Date of Award

Spring 2020

Document Type


Degree Name

Doctor of Education (EdD)


Education Policy, Planning, and Administration

Committee Chairperson

David Backer, Ph.D.

Committee Member

Matthew Kruger-Ross, Ph.D.

Committee Member

Jacqueline G. Van Schooneveld, Ph.D.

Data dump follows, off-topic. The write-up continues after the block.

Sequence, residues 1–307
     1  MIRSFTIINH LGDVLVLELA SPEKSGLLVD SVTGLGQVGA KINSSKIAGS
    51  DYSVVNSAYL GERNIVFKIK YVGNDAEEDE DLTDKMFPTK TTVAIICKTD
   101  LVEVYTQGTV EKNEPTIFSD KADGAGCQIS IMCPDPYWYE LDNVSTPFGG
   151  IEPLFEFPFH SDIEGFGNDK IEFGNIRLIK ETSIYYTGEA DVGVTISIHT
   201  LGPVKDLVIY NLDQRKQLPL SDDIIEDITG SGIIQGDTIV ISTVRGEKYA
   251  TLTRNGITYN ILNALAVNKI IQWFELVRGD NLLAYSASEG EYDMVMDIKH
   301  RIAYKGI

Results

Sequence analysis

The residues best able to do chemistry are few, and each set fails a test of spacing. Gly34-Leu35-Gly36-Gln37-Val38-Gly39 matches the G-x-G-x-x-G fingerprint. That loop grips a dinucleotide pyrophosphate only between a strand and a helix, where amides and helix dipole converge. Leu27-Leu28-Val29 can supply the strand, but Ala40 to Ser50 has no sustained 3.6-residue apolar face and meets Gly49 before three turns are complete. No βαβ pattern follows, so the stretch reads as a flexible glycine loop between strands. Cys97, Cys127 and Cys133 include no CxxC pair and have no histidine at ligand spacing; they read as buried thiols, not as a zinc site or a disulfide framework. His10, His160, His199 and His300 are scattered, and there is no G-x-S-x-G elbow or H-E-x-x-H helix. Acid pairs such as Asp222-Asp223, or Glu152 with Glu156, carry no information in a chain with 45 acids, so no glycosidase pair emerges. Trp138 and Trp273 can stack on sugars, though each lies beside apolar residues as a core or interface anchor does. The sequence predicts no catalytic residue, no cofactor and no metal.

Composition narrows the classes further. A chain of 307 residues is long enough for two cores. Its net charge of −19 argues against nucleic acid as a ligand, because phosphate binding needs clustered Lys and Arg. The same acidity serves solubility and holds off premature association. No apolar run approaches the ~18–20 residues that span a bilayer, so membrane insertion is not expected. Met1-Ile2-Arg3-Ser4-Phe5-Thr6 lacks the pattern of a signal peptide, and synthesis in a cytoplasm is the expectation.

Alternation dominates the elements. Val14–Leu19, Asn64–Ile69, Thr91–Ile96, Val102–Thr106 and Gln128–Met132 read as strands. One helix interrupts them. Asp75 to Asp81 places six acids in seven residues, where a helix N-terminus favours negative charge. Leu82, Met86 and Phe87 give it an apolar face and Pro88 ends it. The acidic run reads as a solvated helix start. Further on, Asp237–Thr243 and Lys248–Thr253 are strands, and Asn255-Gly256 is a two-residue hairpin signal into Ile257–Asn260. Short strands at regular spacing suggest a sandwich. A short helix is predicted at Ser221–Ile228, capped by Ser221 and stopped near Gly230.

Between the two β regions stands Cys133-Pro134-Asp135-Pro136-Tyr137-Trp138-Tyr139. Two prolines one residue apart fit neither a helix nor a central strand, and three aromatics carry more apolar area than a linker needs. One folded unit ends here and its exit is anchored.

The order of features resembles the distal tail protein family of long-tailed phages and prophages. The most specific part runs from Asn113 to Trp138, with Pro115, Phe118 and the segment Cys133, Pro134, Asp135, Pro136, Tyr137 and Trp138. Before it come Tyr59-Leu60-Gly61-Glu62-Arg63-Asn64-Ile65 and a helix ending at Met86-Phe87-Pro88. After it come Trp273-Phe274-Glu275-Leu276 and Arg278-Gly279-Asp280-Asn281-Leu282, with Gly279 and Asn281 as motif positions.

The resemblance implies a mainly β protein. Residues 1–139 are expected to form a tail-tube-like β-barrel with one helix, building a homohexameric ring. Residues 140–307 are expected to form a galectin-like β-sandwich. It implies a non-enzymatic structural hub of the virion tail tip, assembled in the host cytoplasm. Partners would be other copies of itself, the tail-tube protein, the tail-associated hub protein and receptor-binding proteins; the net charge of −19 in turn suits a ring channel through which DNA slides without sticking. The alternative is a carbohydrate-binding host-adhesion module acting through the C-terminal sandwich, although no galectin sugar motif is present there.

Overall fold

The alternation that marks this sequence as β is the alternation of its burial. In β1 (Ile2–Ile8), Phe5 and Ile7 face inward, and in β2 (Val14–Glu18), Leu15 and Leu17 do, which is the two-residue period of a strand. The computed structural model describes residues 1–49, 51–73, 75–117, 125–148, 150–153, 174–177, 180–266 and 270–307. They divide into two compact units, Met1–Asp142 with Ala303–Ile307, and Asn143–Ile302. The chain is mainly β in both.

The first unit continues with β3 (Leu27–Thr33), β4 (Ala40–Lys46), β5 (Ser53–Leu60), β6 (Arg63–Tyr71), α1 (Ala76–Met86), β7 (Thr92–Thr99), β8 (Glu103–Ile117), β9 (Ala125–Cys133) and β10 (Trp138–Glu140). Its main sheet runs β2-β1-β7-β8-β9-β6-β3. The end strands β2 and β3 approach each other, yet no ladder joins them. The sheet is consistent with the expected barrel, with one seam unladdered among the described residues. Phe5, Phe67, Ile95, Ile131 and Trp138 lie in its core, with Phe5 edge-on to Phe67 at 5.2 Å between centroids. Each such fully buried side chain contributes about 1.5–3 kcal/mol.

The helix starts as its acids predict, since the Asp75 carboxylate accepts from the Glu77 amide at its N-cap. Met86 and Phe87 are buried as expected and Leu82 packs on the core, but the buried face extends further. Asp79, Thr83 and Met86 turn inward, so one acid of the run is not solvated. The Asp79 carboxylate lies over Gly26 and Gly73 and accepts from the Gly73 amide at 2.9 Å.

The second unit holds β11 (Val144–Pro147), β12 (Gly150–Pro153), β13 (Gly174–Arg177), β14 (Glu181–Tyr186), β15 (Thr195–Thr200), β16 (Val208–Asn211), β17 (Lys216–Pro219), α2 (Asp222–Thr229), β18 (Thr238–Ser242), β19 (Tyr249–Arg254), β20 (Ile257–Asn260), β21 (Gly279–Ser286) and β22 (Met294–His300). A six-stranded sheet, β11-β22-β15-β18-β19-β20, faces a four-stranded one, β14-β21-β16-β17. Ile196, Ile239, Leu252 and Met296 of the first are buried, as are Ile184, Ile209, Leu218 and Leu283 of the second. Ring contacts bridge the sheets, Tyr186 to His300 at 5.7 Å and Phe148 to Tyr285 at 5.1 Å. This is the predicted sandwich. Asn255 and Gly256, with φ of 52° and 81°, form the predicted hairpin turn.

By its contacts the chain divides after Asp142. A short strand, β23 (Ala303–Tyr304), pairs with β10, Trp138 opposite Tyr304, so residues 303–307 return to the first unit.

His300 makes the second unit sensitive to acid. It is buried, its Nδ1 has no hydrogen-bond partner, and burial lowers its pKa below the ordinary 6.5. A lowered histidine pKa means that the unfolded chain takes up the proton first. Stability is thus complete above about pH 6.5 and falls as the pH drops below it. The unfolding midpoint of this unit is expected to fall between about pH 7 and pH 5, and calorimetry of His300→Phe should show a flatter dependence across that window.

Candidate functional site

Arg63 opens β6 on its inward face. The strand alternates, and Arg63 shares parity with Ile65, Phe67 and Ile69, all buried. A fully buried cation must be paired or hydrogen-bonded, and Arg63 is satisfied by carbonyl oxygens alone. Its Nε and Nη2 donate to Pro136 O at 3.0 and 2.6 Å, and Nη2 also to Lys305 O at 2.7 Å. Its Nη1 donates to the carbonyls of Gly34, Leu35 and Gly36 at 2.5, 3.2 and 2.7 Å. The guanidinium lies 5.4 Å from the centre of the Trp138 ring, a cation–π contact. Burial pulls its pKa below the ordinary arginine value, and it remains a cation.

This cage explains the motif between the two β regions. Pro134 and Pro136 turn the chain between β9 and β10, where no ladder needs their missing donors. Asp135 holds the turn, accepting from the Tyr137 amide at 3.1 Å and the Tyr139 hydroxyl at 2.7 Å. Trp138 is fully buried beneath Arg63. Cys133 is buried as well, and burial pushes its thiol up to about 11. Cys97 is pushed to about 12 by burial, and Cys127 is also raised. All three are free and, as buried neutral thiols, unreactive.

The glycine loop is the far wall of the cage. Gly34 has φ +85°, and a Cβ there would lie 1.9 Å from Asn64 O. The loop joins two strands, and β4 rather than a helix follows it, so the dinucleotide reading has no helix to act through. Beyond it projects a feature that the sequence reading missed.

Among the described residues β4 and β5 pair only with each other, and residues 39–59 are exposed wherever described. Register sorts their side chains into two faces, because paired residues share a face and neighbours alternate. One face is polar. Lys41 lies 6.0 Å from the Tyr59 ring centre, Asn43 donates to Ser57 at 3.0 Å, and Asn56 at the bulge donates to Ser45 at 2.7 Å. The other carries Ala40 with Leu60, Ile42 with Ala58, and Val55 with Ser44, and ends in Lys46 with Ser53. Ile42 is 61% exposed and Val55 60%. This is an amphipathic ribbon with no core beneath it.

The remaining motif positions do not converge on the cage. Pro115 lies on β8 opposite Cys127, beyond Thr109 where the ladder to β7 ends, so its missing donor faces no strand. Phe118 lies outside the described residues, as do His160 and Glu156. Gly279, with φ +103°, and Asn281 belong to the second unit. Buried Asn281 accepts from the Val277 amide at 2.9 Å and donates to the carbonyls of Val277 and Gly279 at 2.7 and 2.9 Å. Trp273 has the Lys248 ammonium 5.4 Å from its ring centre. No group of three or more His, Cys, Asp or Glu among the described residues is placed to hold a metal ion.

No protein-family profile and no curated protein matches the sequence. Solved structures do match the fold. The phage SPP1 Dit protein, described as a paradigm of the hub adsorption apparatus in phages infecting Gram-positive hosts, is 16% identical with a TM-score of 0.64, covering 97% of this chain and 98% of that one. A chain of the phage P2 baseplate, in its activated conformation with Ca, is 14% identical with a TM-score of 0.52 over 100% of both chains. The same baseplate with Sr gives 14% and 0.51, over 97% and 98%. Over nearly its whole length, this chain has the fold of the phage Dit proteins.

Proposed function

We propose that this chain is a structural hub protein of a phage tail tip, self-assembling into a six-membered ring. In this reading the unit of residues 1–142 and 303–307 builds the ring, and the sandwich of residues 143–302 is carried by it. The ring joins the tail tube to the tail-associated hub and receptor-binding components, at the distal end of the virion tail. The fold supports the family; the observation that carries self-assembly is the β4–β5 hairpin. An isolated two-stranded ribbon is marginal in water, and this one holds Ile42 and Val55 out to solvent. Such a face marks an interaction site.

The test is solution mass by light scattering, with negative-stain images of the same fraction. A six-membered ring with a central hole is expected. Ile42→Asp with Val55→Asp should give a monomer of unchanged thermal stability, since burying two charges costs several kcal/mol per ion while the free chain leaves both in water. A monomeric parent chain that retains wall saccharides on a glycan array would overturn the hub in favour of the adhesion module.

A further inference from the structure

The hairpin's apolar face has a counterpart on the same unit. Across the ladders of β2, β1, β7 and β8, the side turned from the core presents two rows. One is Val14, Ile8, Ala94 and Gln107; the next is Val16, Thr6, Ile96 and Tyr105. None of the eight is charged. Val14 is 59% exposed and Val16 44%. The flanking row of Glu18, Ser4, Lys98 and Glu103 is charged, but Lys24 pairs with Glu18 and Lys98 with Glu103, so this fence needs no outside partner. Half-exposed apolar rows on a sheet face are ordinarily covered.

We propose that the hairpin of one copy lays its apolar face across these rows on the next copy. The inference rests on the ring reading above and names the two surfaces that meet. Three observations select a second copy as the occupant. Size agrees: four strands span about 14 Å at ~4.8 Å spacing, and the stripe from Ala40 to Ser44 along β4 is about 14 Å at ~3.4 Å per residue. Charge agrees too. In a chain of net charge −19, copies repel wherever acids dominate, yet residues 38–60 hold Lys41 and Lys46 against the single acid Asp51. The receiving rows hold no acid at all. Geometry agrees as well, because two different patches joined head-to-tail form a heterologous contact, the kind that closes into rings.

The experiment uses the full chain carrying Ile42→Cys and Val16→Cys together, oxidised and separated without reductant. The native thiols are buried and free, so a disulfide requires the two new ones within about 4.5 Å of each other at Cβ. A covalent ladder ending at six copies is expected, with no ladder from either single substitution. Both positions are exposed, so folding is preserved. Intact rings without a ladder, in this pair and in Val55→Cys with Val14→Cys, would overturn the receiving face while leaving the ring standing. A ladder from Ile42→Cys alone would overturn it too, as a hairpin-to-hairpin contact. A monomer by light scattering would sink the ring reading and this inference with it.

Transitioning from their training programs to their own classrooms, new teachers may feel a disconnect between what they learned and what they experience. To help with this transition and to promote teachers’ abilities to respond to the varying and unique needs of their students and schools, teacher training programs, beginning in the 1980s, have incorporated the use of reflective practice. Reflection provides teachers an opportunity to engage with their experiences in such a way that prereflective understandings, assumptions, biases, and beliefs may be identified. Reviewed literature suggests that teacher training programs do not clearly define and implement reflection instruction into preservice teacher training programs. This qualitative study sought to examine the meaning of reflection for five preservice teachers enrolled in a teacher training program by specifically looking at how they defined and experienced reflection. With reflection identified as the phenomenon of this study, phenomenology was used as the theoretical framework and research method. Through two semi-structured interviews, in which the researcher met one-on-one with each participant, the researcher gathered the preservice teachers’ memories of lived experiences connected to reflection. By exploring the moments of lived experience, the participants defined reflection in both literal and technical ways. The moments also suggested that the preservice teachers experienced reflection as inconsistent and as a pathway to growth and understanding. The phenomenological findings of this study affirmed the reviewed literature calling for teaching training programs to provide clearer definitions of reflection and more opportunities to engage with and discuss reflective practices connected to a variety of experiences.